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Innovation Drives Sales Growth

Imogen Matthews

There is no shortage of innovative ideas for formulations and product concepts within the beauty industry, ensuring that consumer interest in the category remains at a high level. This article examines trends in new product development and highlights some recent interesting launches.

A key theme that unites many beauty categories is the growth of older consumers who look for products that can offer them antiaging, firming and skin-caring benefits. Originally limited to facial skin care, today skin improvement claims can be found in color cosmetics, body care and hair care. “The addition of firming and antiaging properties to bath and shower products is the latest innovation in this sector,” comments Claire Briney, market analyst for Euromonitor. She cites Unilever’s new Dove firming range which includes a body wash that claims to leave the skin firmer and smoother. “Bath and shower product manufacturers’ aim is to benefit from the very strong growth affecting the firming body care sub-sector,” she maintains.

Innovations in Body Care

Creams and lotions no longer are the only formulation types available within body care as many new launches incorporate new and novel formats. The Body Shop’s Spa Wisdom bath and body range includes a hydrating gel called On a High Hydrating Puree and Purify Me Body Mask, a deep cleanser and intensive moisturizer for body skin.

Origins has launched Spice Odyssey Foaming Body Rub, whose formulation is based on the Moroccan spice mixture for cooking, ras el hanout, meaning “best of the best,” featuring seven herbs and spices, 20 essential oils and four exfoliants.

Body butters are being added to many body care brand portfolios. Examples include Honey Olive Neroli massage body butter within the Boots Mediterranean range, Opal London’s Water Lily & Almond Spa body butter, and Tisserand Aromatherapy Organic Lavender & Bergamot Body Butter.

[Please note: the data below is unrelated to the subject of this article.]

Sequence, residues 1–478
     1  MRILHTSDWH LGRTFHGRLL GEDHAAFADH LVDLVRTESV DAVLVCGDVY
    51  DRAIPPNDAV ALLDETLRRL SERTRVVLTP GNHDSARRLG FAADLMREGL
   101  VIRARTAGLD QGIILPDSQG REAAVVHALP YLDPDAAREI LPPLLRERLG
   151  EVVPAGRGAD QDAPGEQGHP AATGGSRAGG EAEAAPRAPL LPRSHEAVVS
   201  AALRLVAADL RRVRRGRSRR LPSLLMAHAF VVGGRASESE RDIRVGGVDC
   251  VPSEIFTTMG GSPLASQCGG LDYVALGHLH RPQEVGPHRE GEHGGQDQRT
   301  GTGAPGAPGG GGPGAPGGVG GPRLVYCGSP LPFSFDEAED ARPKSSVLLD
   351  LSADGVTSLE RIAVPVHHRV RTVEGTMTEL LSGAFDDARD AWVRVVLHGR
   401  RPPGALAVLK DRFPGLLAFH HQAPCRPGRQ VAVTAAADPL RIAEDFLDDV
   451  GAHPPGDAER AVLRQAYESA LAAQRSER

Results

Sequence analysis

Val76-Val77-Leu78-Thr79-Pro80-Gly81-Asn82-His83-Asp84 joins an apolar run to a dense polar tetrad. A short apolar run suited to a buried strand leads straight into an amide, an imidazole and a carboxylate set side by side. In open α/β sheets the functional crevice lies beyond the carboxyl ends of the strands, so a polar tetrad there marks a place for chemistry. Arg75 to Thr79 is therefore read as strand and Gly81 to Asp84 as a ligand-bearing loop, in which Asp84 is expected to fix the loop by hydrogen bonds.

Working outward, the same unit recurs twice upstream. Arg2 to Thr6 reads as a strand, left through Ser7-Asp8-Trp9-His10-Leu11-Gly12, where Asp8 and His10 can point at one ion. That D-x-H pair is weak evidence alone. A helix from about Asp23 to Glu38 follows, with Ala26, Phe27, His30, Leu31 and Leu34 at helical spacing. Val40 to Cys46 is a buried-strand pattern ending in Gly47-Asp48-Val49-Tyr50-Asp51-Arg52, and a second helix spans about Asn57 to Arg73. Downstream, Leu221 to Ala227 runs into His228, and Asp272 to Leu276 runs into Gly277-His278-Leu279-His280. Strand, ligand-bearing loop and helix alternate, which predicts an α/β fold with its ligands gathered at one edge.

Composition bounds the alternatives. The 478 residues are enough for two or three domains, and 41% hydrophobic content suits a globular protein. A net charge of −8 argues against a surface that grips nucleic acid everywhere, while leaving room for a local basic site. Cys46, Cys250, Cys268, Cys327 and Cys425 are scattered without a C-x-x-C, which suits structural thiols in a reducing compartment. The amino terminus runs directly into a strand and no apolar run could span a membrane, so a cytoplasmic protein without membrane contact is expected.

Oils are another upcoming format, already popular in Germany and quickly catching on as a versatile and less greasy alternative to body creams, butters and balms. The Body Shop’s Monoi Miracle Oil is a light, nongreasy coconut oil scented with gardenia flowers for use as a moisturizer on the body or even as a prewash on the hair. Bio-Oil, from South African skin care company Union-Swiss is claimed by the company to be one of the fastest-growing skin care businesses worldwide. The unique ingredient in Bio-Oil is PurCellin Oil™, a rapidly absorbed “dry oil” that can be used to reduce the appearance of scars, stretch marks and uneven skin tone and is recommended for dehydrated or aging skin.

Energizing Formulations in Skin Care

Mintel* has recorded, via its Global New Products Database, several new skin care launches that claim to energize the skin. French skin care brand Daniel Jourance Océ Vie radiance revitalizing face cream contains the marine active ingredient thermophiline, a smart ingredient that helps protect and revitalize skin, and Rock samphire, a sensory ingredient known for its stimulating properties. It also claims that its texture and fragrance with essential oils infuses the skin with a wave of freshness and well-being.